By Raymond Pearl, Professor of Biometry and Vital Statistics in the School of Hygiene and Public Health, the Johns Hopkins Unversity. Cloth. Price, $5 net. Pp. 379, with 71 illustrations. Philadelphia: W. B. Saunders Company, 1923.
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The Principles of Vital Statistics. By I. S. Falk, Ph.D., Department of Public Health, Yale University. Cloth. Price, $2.50, net. Pp. 258, with 29 illustrations. Philadelphia: W. B. Saunders Company, 1923.
Probably no scientific literature is more subject to mismanipulation of figures and to unwarranted interpretations than is that of medicine. It is well known that physicians frequently err in conclusions derived from statistical studies. Raymond Pearl is head of a department in the school of Hygiene and Public Health of the Johns Hopkins University, which is concerned with teaching physicians proper methods in the measurement of results. The present book is essentially a text-book for medical men in such work. Pearl is convinced that there is no reason why medicine should not become an exact science in the same sense as physics and chemistry, provided quantitative methods of thought and action are made an integral part of medical training.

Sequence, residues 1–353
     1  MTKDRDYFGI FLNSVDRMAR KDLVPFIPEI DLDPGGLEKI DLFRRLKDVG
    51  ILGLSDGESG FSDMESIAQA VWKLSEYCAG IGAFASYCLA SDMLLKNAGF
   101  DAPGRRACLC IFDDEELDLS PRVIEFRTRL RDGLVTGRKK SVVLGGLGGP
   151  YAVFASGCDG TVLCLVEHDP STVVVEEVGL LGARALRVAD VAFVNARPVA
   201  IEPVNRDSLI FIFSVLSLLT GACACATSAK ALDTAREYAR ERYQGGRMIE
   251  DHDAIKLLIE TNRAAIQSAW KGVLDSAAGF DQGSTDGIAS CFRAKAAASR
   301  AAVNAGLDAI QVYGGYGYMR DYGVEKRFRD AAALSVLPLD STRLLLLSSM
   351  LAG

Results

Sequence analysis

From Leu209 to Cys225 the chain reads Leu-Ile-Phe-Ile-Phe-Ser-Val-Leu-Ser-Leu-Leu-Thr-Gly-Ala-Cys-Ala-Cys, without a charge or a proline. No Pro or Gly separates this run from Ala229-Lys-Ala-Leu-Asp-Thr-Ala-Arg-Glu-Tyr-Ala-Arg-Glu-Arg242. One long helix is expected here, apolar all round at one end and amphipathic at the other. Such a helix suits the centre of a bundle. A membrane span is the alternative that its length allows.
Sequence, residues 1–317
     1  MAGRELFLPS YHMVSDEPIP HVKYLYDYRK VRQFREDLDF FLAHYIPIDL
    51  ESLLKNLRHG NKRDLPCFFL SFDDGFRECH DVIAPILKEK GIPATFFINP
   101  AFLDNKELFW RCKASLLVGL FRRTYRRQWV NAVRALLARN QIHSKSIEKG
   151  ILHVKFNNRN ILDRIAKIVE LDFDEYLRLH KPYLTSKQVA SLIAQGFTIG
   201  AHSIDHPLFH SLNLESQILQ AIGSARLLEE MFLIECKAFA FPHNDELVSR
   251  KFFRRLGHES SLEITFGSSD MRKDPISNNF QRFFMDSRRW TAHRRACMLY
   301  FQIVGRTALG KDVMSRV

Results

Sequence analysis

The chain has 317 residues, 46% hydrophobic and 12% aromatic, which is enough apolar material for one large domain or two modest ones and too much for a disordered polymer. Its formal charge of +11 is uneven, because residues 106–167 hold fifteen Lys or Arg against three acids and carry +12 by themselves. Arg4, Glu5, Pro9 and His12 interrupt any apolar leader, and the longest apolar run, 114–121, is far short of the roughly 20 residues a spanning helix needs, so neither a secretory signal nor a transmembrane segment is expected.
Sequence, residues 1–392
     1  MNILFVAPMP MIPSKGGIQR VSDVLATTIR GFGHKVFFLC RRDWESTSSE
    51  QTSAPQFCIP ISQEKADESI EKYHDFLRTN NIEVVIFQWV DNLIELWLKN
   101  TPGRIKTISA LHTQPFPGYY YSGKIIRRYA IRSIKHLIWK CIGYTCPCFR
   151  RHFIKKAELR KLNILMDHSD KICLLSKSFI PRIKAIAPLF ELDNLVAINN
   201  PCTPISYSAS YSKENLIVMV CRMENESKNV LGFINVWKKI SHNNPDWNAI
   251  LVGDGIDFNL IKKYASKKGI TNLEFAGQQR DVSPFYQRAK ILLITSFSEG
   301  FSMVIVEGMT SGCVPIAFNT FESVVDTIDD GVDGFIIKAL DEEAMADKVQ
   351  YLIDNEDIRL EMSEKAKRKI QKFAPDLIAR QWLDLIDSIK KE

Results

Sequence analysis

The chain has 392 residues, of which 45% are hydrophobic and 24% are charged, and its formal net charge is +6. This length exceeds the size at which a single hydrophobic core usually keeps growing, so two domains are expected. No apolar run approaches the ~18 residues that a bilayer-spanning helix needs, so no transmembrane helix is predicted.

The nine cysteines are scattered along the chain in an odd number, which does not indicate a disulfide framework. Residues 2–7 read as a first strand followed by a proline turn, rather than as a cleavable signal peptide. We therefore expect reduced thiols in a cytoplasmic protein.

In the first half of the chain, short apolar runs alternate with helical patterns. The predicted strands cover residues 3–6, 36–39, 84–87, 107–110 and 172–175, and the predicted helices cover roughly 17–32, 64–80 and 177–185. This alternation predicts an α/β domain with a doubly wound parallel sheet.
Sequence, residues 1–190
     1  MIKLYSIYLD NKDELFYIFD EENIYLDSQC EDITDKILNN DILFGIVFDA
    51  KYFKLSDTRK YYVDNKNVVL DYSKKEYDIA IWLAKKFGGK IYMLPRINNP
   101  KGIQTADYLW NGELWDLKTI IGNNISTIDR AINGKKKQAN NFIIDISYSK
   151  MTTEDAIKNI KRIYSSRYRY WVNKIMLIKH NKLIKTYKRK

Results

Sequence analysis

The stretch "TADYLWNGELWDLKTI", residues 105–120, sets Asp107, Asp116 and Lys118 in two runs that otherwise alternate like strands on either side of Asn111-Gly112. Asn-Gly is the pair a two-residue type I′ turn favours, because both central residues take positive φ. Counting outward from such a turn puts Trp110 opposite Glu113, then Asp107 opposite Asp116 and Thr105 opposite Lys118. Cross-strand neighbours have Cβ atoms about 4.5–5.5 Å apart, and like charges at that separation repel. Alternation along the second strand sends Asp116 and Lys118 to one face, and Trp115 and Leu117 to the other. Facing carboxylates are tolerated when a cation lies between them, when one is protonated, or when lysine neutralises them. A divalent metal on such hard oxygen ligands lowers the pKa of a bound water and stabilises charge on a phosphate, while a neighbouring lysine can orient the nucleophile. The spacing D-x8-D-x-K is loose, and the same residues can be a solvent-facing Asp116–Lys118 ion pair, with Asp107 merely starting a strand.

Introduction to Medical Biometry and Statistics. JAMA. 1924;82(3):232–233. doi:10.1001/jama.1924.02650290062037
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